When you cast an actor like Brendan Coyle, a familiar, welcoming face to people who’ve seen popular British television before, there’s an expectation that he’s going to be an important figure in the story. After the fact that he doesn’t show up until the second episode of “Requiem,” the new Netflix/BBC supernatural co-production, it’s almost instantly clear that his biggest moments will come late in this story. And come they do, in the form of a betrayal that’s not exactly surprising, but is still the last shocking piece of a puzzle six episodes in the making.
[Editor’s Note: The following article contains spoilers for “Requiem” Season 1, including the ending.]
The aftermath of Stephen Kendrick luring Matilda (Lydia Wilson) to an underground lair as an offering for an ancient ritual helped to cap off a fascinating season. As “Requiem” ends with a visibly altered Matilda smiling, the credits roll without explaining whether or not it’s the same woman who made the journey to Penllynith or a vessel for a being that’s traveled a great deal farther.
That drive for answers about the “Requiem” ending might just fuel a conversation we had only a couple months ago with “The End of the F**king World.” As IndieWire TV Critic Ben Travers pointed out at the time, we’ve hit a mark in the Age of Netflix where these self-contained miniseries are an endangered species. No matter how cataclysmic the ending, no matter how final or ambiguous things may end up, there will always be a clamor for more; an army of people searching for a Season 2.
The last 10 minutes of “Requiem” feel like a preemptive strike against that push. All the people responsible for unleashing this neon blue-eyed version of Matilda into this world are now in a shallow grave. Hal (Joel Fry) has tasted sheep flesh, which kind of makes a return to life as a concert pianist feel like an unfulfilling career move. Any investigation that Detective Graves would make into what left all the inhabitants of the Big House buried side-by-side might uncover some more of the “how,” but any extra episodes would tear at the thin fabric of “why” that these six episodes already left with us.
“Requiem” works as a ghost story because it’s not rigid in its allegory. The forces haunting Matilda and the people of this Welsh town got a brief possible explainer in a book from the Big House’s library, but the show never lingered on the mechanics of what or how it was doing it. Matilda found proof that she’s Carys, the Penllynith occult brood achieved their goal of bridging the gap between astral planes, and the loop of justice against those responsible for separating a child from her mother has been closed. To open that up again would mean having to get into the details of what glowing being Matilda has now become.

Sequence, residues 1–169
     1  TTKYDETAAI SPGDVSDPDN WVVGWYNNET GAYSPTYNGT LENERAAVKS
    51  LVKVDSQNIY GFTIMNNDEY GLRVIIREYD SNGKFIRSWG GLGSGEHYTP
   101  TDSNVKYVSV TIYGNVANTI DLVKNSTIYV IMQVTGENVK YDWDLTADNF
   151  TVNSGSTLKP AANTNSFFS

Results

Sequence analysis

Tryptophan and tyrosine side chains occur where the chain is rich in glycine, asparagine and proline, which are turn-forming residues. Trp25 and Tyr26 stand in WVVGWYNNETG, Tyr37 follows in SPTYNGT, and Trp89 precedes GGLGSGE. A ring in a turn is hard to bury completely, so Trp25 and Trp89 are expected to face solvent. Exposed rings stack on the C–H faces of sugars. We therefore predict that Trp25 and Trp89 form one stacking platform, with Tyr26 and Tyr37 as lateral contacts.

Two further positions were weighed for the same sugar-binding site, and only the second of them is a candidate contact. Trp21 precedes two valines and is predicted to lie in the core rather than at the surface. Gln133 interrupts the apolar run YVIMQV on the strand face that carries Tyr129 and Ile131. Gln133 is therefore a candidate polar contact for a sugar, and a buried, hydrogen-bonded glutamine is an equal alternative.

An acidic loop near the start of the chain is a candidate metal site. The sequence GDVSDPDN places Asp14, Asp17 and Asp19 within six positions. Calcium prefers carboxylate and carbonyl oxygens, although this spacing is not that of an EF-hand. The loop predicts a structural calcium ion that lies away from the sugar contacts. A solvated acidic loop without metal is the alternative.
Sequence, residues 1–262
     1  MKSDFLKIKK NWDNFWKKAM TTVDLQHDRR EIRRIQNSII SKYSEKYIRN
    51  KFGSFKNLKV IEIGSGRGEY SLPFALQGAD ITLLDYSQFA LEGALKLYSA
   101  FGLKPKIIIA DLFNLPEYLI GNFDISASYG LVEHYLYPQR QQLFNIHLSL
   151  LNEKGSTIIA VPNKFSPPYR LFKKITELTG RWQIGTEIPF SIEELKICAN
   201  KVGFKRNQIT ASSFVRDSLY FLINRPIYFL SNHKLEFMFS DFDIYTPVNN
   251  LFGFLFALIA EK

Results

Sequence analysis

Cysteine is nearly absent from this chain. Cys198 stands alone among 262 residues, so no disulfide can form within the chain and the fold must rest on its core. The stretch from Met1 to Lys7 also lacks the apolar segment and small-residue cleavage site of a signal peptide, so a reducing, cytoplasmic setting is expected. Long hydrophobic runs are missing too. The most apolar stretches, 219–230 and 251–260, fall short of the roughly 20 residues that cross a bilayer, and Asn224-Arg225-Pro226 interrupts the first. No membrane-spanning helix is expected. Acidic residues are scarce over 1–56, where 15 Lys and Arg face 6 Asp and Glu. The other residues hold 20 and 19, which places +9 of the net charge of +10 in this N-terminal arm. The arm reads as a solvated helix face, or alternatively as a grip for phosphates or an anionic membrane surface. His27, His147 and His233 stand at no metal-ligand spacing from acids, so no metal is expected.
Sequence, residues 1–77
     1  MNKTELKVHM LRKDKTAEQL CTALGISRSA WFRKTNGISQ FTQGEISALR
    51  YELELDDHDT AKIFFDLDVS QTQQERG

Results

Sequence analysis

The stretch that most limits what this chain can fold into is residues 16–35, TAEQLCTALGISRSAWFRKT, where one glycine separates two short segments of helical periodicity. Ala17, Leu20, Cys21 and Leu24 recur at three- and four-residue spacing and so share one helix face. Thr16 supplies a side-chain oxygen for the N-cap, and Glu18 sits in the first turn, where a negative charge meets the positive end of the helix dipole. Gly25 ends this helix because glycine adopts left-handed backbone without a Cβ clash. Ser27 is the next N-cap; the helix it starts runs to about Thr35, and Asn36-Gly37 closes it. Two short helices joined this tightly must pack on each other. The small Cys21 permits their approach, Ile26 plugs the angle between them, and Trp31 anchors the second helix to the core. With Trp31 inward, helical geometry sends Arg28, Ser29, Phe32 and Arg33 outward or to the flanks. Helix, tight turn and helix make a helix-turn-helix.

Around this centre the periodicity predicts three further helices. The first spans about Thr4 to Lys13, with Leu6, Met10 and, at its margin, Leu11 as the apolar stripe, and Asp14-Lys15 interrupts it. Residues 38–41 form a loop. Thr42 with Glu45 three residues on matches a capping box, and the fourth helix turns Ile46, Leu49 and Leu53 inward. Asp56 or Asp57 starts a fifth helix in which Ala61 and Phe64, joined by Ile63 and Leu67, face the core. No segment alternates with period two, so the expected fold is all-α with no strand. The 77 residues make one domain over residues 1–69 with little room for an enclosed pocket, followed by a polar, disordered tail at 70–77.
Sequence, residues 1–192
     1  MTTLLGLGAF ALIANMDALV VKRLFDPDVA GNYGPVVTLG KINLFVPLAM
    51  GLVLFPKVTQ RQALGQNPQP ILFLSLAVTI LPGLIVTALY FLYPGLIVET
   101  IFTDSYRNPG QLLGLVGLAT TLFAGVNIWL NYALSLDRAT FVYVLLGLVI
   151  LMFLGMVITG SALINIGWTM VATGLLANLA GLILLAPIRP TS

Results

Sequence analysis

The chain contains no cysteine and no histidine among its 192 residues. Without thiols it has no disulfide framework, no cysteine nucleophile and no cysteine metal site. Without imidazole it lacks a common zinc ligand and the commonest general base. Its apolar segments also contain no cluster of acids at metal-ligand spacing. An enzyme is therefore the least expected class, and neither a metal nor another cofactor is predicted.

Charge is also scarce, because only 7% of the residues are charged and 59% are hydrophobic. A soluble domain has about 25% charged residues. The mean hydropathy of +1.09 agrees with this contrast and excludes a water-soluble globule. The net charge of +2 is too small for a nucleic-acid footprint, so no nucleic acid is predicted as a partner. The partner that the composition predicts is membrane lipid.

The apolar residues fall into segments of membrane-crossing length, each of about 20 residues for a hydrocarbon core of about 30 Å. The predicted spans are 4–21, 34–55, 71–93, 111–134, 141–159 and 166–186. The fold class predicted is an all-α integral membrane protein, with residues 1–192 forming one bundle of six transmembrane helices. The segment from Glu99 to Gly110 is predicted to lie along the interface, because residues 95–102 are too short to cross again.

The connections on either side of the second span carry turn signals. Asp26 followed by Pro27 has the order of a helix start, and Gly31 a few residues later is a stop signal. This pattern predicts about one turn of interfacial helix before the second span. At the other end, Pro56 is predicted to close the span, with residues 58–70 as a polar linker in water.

So much of Season 1 benefited from the eeriness of things that these characters couldn’t see (and did their best to avoid looking at straight-on). Even when characters like Hal caught a glimpse of these ghosts, they were nothing more than the faint wisps of spirits like those that destroyed Belloq and Co. at the end of “Raiders of the Lost Ark.” By design they are featureless and unexplained. An inevitable part of any continuation of this “Requiem” story would be getting deep in the weeds about what this spirit represents; a Season 2 effort to tell what Season 1 carefully showed in small amounts.
“Requiem” had only one shower scene, one floating body, one weird eye change. (And, when the officer tells Matilda that Hal was “lost,” one sly “Arrested Development” reference.) Part of continuing this story would mean making those snippets recurring features instead of setpieces and elements designed for a one-time payoff. One possible direction for “Requiem” Season 2 would be for the show to go full anthology, something that “Channel Zero” has done with increasing creative success on Syfy. Maybe a different mystery outside the Carys saga would give a chance to explore some other horror/thriller standbys.
Much of “Requiem” was Hal and Matilda reconciling their search for answers with the ways that journey was tearing apart the fabric of this town. Now that they’ve just added a few extra ticks in the Penllynith body count column, that process is done. One of the satisfying parts about the finale is that it flipped the perspective of the entire series. Once the Carys-Matilda connection was solidified, it became less about an investigation and more of a long-planted process of comeuppance that snatched up everyone who was instrumental in making it happen in the first place.
Like the unexplained blue stuff now coursing just underneath Matilda’s skin, guilt was the lifeblood of this mystery. Everyone feels some responsibility in this story, whether it was Trudy for abandoning the playground, her father for the moments caught in those photographs, or even hapless Ed, who realizes that his amateur horticulture days are becoming exponentially not worth it. The idea that those respective storylines go unresolved is a nice bit of thematic fulfillment in itself — it makes sense that characters fueled by regret don’t get the catharsis they seek.
Aside from the pentagram-styled communes with unseen spirits and the mystical car crashes, there’s one clear metaphor for where “Requiem” can go next. The unfortunate fate of Matilda’s cello, now lying in a heap of smashed shards, doesn’t mean that she’ll never play again. But whatever comes next for her will be a fundamental change in what made this first group of six episodes great. That doesn’t guarantee Season 2 would be a disaster, but if this team is still interested in telling a completely different story, it seems like the best choice to leave Penllynith behind. That last look into the mirror is something worth ending on.
“Requiem” is now available to stream on Netflix.